About the University of Chicago Medical Center
The University of Chicago Medical Center, established in 1927, is one of the nation's leading academic medical institutions. It consists of the renowned Pritzker School of Medicine; Bernard Mitchell Hospital, the primary adult patient care facility; Comer Children's Hospital, devoted to the medical needs of children; Chicago Lying-in Hospital, a maternity and women's hospital; and the Duchossois Center for Advanced Medicine, a state-of-the-art ambulatory-care facility with the full spectrum of preventive, diagnostic, and treatment functions. Care is provided by more than 700 attending physicians--most of whom are full-time University faculty members--620 residents and fellows, more than 1,000 nurses and 9,500 employees.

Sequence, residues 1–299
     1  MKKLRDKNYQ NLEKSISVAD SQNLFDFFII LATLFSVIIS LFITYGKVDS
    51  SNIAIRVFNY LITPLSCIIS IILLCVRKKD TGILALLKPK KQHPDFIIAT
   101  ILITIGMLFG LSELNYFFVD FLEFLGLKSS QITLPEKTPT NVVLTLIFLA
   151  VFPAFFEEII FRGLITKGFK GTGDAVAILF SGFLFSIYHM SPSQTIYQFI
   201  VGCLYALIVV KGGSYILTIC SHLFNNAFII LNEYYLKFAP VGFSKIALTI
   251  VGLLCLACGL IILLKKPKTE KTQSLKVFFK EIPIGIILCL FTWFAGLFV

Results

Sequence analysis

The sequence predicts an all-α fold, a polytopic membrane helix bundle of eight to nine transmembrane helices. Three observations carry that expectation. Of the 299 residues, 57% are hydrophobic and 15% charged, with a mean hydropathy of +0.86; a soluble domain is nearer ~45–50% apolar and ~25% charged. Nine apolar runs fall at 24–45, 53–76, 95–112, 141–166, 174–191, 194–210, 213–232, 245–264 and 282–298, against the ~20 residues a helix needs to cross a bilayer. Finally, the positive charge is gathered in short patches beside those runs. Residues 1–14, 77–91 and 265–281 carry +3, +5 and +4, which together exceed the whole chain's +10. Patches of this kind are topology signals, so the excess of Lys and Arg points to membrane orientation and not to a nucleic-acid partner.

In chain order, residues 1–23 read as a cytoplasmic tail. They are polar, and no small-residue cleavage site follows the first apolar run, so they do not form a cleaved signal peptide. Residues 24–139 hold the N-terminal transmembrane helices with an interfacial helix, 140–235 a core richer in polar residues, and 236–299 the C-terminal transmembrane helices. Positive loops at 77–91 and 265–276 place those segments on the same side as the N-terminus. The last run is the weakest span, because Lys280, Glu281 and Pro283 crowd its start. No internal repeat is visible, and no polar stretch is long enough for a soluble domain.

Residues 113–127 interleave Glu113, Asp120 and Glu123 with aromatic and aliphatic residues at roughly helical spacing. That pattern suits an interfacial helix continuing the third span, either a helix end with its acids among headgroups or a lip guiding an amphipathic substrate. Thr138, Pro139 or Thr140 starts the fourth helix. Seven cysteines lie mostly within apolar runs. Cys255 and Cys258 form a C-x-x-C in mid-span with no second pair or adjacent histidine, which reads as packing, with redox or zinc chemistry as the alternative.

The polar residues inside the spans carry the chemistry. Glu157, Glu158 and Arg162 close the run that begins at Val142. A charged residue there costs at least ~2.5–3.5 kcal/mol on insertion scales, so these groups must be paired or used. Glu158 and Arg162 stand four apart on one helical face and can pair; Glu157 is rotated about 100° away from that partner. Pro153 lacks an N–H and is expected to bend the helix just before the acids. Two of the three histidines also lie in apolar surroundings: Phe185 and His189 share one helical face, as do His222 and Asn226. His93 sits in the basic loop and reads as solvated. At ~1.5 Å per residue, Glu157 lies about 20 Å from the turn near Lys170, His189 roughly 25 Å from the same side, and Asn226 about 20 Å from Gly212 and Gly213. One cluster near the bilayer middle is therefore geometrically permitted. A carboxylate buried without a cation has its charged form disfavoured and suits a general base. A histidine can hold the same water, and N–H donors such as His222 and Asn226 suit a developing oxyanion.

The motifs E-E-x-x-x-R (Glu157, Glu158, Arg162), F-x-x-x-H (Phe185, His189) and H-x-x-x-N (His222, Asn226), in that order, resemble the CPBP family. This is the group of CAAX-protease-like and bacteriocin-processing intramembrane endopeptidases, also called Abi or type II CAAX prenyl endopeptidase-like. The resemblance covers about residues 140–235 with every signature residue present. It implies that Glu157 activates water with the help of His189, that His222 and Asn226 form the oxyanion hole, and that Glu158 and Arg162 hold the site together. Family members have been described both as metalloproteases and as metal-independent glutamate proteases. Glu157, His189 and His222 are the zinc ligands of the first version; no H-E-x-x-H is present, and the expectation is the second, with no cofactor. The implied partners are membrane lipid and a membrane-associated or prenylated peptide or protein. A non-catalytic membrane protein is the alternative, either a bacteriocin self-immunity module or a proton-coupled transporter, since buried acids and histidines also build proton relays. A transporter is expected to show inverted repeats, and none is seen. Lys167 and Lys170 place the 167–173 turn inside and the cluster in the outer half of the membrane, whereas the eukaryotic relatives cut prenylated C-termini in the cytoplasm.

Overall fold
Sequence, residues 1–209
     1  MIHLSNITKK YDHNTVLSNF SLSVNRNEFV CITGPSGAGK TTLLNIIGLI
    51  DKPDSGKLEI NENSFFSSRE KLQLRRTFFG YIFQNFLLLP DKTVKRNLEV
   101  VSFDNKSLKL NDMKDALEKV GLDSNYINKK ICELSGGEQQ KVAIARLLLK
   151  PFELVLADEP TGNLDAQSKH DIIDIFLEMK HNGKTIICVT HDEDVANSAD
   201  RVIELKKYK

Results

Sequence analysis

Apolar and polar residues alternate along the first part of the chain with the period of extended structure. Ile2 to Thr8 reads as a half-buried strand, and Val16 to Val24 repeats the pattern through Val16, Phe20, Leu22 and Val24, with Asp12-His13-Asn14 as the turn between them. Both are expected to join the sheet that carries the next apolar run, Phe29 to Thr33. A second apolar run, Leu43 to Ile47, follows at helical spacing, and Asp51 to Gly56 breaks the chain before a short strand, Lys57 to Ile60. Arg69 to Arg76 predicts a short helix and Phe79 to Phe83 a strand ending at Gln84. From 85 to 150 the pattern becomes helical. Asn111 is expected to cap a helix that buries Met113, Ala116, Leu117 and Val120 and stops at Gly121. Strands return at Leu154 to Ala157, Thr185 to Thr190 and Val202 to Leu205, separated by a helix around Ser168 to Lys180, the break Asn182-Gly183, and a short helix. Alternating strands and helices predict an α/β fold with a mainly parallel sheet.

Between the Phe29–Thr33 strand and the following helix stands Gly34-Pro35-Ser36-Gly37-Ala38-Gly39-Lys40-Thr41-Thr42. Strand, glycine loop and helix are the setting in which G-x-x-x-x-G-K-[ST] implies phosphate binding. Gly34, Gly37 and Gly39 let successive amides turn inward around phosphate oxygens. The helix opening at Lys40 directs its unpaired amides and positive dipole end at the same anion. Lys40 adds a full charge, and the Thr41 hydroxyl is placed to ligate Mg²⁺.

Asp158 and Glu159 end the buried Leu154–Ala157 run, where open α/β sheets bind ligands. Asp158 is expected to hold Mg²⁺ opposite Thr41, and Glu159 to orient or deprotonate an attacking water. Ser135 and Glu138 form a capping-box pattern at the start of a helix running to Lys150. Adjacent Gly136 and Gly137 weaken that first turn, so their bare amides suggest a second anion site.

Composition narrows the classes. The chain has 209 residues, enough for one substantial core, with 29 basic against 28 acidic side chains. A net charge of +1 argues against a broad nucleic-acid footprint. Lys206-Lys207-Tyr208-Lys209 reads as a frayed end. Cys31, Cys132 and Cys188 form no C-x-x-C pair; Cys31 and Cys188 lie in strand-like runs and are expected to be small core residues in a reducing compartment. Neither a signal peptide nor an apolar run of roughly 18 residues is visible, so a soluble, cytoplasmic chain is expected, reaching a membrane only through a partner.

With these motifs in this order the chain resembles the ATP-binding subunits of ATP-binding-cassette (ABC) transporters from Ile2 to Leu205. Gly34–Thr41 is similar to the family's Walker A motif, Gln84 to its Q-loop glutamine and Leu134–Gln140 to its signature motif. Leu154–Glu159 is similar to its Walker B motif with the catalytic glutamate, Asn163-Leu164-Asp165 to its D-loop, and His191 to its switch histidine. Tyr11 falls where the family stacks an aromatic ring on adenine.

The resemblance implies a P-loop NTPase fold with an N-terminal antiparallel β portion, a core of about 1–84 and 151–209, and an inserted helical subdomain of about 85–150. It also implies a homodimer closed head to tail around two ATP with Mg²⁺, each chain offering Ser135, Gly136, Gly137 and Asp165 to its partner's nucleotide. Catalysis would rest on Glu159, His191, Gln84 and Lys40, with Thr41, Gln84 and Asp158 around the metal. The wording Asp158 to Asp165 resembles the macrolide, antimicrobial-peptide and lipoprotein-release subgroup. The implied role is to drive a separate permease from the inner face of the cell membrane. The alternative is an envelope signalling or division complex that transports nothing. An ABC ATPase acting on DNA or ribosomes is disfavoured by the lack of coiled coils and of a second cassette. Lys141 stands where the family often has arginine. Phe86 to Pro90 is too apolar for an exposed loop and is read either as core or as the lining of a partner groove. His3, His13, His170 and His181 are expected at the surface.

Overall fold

The Medical Center is consistently recognized as a leading provider of complex medical care. It is the only Illinois hospital ever to make the U.S.News & World Report Honor Roll, with eight clinical specialties--digestive disorders; cancer; endocrinology; neurology and neurosurgery; heart and heart surgery; kidney disease; geriatrics; and ear, nose and throat--ranked among the top 30 programs nationwide. The Medical Center was awarded Magnet status in 2007, the highest level of recognition for nursing care.